NEW YORK -- In 2009, on April 25, a man named Greg is supposed to get an e-mail. It will remind him he is his own best friend and worst enemy, that he once dated a woman named Michelle, and that he planned to major in computer science.
''More importantly," the e-mail says, ''are you wearing women's clothing?"
The e-mail was sent by Greg himself -- through a website called FutureMe.org. It is one of the messages open to public view at the site, and Greg used only his first name.
FutureMe is one of a handful of websites that let people send e-mails to themselves and others for delivery years in the future. They are technology's answer to time capsules, trading on people's sense of curiosity, accountability, and nostalgia.
''Messages into the future is something that people have always sought to do," said Paul Saffo, director of the Institute for the Future, a research group. ''In a way, it's a statement of optimism."
Matt Sly came up with the concept for FutureMe.org about four years ago after recalling how, during his education, he had been given assignments to write letters to himself.
Sly, 29, who partnered with 31-year-old Jay Patrikios of San Francisco on the project, said the site has made maybe $58 through donations. He insists it is not a reminder service and that users should think in the long term.
FutureMe and others try to make the delivery process fail-safe through partnerships or backup software, and they urge people to hang on to their e-mail address, but there's no ironclad guarantee the message will ever arrive.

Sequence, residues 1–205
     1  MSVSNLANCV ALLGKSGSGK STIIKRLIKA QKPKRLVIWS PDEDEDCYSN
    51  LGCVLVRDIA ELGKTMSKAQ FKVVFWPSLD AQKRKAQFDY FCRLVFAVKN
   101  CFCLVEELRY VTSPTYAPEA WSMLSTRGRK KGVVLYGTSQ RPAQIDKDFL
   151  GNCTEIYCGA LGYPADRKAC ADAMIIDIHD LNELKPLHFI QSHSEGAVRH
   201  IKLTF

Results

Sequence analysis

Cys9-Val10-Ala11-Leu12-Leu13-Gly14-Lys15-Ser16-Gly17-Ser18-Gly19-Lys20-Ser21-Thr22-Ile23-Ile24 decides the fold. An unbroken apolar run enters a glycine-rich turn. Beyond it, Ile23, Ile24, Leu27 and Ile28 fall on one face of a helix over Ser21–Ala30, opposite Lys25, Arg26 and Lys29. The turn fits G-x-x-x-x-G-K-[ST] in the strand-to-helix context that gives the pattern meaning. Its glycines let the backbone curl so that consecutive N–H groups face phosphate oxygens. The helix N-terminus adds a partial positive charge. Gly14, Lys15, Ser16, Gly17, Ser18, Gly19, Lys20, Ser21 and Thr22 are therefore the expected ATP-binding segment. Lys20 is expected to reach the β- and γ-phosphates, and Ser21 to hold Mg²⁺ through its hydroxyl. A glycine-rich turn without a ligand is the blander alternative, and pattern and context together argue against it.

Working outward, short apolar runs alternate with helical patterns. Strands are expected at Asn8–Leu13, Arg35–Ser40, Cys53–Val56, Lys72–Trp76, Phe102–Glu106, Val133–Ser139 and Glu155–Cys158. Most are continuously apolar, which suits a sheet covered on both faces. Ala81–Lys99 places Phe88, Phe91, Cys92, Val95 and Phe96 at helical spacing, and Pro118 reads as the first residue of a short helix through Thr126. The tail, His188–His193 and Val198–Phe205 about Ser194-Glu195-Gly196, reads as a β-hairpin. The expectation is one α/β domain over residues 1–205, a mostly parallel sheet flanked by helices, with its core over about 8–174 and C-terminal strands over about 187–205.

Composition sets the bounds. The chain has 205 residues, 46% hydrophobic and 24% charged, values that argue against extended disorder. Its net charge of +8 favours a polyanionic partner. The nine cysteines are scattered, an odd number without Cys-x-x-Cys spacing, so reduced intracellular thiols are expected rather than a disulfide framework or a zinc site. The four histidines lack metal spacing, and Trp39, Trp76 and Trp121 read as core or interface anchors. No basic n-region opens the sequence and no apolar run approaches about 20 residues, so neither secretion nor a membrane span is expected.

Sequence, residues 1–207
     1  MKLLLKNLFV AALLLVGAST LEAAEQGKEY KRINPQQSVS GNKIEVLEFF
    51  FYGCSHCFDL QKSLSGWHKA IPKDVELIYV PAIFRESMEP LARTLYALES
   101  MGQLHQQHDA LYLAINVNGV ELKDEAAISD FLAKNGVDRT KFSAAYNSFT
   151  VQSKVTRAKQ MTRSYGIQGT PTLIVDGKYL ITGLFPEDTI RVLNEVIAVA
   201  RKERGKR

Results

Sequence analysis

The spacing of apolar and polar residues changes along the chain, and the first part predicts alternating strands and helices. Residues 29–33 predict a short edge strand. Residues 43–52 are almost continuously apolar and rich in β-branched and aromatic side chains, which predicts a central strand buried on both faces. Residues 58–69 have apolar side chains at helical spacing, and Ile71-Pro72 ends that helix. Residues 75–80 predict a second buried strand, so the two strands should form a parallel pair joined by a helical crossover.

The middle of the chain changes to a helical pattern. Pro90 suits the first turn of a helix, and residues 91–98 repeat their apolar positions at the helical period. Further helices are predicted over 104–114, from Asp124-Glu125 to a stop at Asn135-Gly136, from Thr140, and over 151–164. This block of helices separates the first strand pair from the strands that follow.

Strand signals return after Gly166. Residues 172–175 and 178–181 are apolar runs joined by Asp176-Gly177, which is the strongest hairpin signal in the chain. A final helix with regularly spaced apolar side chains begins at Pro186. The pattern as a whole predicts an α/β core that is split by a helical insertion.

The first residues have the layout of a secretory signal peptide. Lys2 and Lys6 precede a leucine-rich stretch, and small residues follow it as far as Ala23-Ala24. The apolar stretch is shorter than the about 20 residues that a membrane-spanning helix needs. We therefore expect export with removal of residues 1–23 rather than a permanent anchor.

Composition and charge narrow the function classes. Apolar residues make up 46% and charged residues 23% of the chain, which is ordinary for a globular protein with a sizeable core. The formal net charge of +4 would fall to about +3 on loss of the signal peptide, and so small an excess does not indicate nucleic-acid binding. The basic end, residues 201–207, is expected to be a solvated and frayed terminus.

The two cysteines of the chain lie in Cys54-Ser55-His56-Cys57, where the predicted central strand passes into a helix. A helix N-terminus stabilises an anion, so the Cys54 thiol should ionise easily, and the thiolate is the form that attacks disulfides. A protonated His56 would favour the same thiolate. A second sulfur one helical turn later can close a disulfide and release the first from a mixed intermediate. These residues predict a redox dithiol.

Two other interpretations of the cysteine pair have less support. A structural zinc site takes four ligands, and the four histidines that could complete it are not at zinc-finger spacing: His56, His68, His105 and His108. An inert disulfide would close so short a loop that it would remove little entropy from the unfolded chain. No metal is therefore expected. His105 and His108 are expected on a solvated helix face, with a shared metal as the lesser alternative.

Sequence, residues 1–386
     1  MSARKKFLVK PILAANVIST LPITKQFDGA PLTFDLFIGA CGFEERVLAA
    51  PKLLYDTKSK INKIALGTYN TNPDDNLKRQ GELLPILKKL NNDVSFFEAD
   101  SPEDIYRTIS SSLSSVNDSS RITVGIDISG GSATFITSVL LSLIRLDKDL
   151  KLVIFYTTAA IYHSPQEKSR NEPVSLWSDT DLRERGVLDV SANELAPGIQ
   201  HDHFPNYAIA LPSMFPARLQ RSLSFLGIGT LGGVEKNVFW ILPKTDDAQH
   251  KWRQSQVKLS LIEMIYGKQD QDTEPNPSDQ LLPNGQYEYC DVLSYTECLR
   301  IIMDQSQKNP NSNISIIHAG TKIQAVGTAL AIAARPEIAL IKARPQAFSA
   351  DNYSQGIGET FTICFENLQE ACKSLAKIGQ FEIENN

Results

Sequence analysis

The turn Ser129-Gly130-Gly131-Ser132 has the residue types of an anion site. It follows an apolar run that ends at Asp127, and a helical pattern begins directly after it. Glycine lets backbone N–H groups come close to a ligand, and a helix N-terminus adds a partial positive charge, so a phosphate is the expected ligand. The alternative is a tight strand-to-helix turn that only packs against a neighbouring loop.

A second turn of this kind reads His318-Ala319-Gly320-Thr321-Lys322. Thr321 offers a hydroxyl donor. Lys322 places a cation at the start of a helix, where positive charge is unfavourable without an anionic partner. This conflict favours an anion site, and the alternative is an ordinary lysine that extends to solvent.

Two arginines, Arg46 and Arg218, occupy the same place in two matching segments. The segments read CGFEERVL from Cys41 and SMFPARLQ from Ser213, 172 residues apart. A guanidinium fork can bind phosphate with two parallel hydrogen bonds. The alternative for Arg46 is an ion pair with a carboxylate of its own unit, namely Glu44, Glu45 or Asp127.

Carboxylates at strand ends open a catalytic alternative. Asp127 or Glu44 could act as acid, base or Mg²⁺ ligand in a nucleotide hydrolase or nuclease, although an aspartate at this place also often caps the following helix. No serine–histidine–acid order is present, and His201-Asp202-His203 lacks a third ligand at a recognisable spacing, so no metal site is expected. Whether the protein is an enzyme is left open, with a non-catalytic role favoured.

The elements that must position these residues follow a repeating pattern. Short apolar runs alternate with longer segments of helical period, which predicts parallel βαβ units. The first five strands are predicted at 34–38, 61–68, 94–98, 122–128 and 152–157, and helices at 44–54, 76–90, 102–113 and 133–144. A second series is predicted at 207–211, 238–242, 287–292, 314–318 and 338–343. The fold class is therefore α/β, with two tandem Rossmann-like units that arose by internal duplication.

FutureMe lets people send messages for delivery as much as 30 years from now, though Sly's numbers show most users schedule their e-mails to be sent within three years.
''We want people to think about their future and what their goals and dreams and hopes and fears are," he said. ''We're trying to facilitate some serious existential pondering."
He said a large number of the messages do one of two basic things: tell the future person what the past person was doing at the time, and ask the future person if he or she had met the aspirations of the past person.
''The tone of the past person is not always friendly," said Sly, now a Yale University graduate student. ''It's often like 'Get off your lazy butt.' "
Recently, Forbes.com jumped on the idea, offering an ''e-mail time capsule" promotion. More than 140,000 letters were collected over about six weeks. Nearly 20 percent are supposed to land in the sender's in-box in 20 years, but others requested shorter time frames. Forbes.com is partnering with Yahoo and Codefix Consulting on the project. ''A lot of people have kind of been freaked out by it," said David Ewalt, a Forbes.com writer. ''It really makes you stop and think about your life in a way that you usually don't."